Don’t know if this is where it got started but Page 18 of one of Tree’s Bibles whose lead author was Jerry Franklin states:
        “The current vulnerability of dry forests of the interior West to disturbance is the result of many factors including fire exclusion, high-grade logging, livestock grazing and conversion
        of stands form low to high levels of tree stocking”

        So now you know who has at least helped to perpetuate it.

  2. Oh, well, at least the nature only people will be happy for a little while as they get satisfaction from knowing that once again they were right and nature has just proven that. So, ‘things are now back to where they need to be and all will be well if we just leave nature alone with her new clean slate. Too bad about all of the insects, animals and plants that were destroyed but that’s just nature’s way. Did you hear we spent thousands to save 12 giant sequoias, I mean we have to save nature don’t we?’

  3. Very interesting facts pertinent to many of the discussions that we have had here:! **** “To grab the attention of politicians or the public, a fire has to do at least one of three things: It must burn lots of houses, kill people or involve celebrities (a celebrity landscape will do).” ****
    –> “Prescribed, or controlled, fire is a foundational principle in the Southeast, where places such as Florida are succeeding in replacing wild fire with tame fire, but it has foundered in the West”
    –> “The National Association of State Foresters estimates that more than 72,000 communities are at risk and only 20 percent have a plan for protection”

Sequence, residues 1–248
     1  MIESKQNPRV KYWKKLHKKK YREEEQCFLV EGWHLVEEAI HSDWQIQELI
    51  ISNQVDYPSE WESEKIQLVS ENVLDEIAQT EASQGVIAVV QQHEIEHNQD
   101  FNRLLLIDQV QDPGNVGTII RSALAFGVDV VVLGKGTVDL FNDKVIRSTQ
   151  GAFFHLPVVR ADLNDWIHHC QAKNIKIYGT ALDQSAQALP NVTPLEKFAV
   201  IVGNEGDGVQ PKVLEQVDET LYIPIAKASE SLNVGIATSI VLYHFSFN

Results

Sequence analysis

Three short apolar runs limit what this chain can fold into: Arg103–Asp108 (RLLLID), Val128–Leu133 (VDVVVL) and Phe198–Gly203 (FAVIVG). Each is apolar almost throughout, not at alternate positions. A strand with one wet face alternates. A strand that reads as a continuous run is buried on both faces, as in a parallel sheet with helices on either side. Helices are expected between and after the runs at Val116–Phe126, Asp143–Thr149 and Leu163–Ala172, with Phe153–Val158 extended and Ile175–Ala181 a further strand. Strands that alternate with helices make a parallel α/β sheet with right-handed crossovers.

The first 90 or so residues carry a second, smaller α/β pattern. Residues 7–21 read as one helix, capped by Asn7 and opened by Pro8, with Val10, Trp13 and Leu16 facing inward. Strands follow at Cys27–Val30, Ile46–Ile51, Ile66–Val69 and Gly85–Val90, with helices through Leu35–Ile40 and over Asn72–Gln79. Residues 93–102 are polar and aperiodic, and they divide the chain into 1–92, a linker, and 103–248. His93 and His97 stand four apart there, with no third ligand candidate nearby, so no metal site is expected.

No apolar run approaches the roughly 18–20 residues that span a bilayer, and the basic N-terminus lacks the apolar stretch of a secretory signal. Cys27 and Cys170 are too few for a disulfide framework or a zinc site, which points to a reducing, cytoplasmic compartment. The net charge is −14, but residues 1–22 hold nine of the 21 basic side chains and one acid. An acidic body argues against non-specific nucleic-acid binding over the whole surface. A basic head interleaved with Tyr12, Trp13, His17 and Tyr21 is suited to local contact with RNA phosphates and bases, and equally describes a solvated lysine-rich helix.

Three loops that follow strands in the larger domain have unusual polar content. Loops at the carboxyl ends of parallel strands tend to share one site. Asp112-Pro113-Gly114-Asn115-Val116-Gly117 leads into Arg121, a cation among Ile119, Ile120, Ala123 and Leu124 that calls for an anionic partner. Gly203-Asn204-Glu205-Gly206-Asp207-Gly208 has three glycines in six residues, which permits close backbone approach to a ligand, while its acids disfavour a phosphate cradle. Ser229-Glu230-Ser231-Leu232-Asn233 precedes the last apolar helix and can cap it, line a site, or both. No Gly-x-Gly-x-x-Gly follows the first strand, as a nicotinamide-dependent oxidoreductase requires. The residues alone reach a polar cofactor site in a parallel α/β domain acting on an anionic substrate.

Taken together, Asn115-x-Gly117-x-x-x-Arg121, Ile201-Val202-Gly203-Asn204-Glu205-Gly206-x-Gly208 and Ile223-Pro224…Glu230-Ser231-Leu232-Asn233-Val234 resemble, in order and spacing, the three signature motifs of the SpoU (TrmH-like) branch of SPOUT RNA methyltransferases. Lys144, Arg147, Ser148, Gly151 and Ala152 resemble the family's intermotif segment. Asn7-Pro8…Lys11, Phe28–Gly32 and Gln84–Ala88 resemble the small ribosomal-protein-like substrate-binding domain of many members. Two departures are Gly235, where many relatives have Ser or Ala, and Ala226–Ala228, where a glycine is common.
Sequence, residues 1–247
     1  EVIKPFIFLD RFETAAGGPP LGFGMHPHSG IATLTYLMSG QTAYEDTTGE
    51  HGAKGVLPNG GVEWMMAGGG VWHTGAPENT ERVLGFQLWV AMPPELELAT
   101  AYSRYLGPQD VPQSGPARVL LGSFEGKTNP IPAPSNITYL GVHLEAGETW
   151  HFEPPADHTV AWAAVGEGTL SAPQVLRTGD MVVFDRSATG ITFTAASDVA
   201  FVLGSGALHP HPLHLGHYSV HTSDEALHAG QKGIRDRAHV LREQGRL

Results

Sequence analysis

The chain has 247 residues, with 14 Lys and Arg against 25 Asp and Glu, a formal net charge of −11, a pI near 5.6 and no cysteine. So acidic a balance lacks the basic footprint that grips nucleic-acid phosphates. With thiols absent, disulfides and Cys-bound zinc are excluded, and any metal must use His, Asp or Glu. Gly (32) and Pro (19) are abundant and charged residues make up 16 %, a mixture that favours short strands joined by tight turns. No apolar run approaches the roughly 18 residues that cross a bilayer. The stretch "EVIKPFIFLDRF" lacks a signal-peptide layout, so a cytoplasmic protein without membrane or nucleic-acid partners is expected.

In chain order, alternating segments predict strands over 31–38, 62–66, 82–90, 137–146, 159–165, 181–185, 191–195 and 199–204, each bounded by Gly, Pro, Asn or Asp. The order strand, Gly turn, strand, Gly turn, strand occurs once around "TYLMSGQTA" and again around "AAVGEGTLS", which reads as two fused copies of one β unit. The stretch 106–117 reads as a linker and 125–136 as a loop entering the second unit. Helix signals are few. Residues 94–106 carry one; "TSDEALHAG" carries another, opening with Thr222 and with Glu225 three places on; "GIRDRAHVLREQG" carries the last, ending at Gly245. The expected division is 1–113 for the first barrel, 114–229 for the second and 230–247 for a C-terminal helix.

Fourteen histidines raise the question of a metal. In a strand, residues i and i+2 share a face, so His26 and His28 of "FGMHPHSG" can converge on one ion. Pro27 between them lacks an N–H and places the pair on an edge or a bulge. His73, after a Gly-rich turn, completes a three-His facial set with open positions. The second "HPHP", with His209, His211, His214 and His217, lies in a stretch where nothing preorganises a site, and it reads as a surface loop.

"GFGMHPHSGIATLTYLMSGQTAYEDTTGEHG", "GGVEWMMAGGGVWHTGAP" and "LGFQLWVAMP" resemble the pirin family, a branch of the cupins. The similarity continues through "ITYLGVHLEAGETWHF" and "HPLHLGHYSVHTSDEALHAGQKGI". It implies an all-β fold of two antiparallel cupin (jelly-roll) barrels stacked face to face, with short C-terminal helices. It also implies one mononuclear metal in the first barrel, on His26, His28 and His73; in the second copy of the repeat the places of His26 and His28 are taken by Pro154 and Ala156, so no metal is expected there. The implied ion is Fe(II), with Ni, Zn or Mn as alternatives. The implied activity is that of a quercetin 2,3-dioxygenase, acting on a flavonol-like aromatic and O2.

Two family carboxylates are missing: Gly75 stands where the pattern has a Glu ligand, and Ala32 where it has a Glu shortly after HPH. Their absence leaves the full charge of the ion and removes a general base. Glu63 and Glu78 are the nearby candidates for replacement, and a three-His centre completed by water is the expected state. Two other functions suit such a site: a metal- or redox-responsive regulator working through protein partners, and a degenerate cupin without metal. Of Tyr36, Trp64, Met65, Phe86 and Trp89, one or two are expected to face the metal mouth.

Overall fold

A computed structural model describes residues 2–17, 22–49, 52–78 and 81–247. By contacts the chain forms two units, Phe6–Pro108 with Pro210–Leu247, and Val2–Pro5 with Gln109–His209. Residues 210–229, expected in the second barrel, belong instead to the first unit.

–> “Efforts to get ahead of the flames are meager. The largest, the Four Forest Restoration Initiative in Arizona, proposes to treat up to 50,000 acres a year for 10 years by thinning and burning. As a point of comparison, the nearby 2011 Wallow fire burned 538,000 acres in one savage swipe”
    –> “megafires now account for more than 85 percent of costs and burned area”
    –> “The fact is, you control wildland fires by controlling the countryside”
    –> “It’s probably too late to do more than flee skillfully from the fires we face today. But we can begin positioning ourselves for the ones to come.”!
    **** “Thin the Threat” campaign ****
    –> “Insect induced mortality is three times what it used to be,”
    –> “At the federal level, she said, the National Environmental Policy Act could add up to a million dollars to a timber sale, and delay the amount of time it takes to get a sale out.”
    –> “She said most environmental impact statements take a minimum of two years to complete and that is just the beginning of the federal process for selling timber.”
    –> “90 percent of all veg(etative) projects are going to court … that usually adds another two years to the timber sale process”
    –> “The Lands Council recently took a turn toward collaboration with timber companies,” Peterson said. “As a result, there have been no lawsuits on the Colville National Forest in the past 10 years.”